February 26, 2012
After too many days of cold and rain in the Secret Garden,
I arrived in Wellington last week, to find basking sunshine
and hardly any wind !
Although Christchurch, in its heyday, bore the Garden City garland, Wellington is one great Secret Garden.
Hydrangeas and roses nestle into forest glades or sheltered bush-clad valleys.
All over the hillside suburbs, footpaths make short work of getting around - or leave the flatlander short of breath.
They step and sweep, zig-zag, or boldly take a lift to or from sea level, offering all sorts of glimpses into other people's lives, gardens and wilderness along the way.
Amongst the city towers of mirror glass, ivy races for the sky and native seedlings carelessly take root. In the slots and crannies of park benchs pohutukawa seeds sprout hopefully. It wouldn't take much neglect for this trumpeting commercial centre to disappear into the undergrowth,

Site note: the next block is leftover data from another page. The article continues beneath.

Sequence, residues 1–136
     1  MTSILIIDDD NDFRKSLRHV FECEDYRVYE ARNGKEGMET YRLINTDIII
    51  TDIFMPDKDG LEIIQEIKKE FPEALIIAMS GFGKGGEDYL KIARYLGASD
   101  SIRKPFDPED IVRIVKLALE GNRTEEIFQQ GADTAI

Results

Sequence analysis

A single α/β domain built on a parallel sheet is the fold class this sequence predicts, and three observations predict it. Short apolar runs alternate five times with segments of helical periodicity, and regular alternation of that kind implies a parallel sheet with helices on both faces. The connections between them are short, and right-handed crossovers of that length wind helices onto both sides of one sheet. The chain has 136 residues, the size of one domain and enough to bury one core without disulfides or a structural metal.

so fecund is its moist and mild climate.
But Wellington is New Zealand's capital city, and culture is cultivated, so there are gardens that exceed expectations,
like the lovely native forest garden in the national museum,
and this sea-shore garden on the Waterfront that invites exploration.
But because my hosts, Noreen and Dyk (above centre) live very close to the Botanic Gardens, it is easy to amble around and through that diverse space:
On my own...
or with friends.
We marvel at sculptures, such as Rudderstone
or play with Listening and Viewing Devise.
Naturally we take time to smell the roses.
And when night falls I stroll down to the end of the road and enter the forest margin to say goodnight to the gloworms, glimmering under mossy overhangs above the path and from across the invisible stream.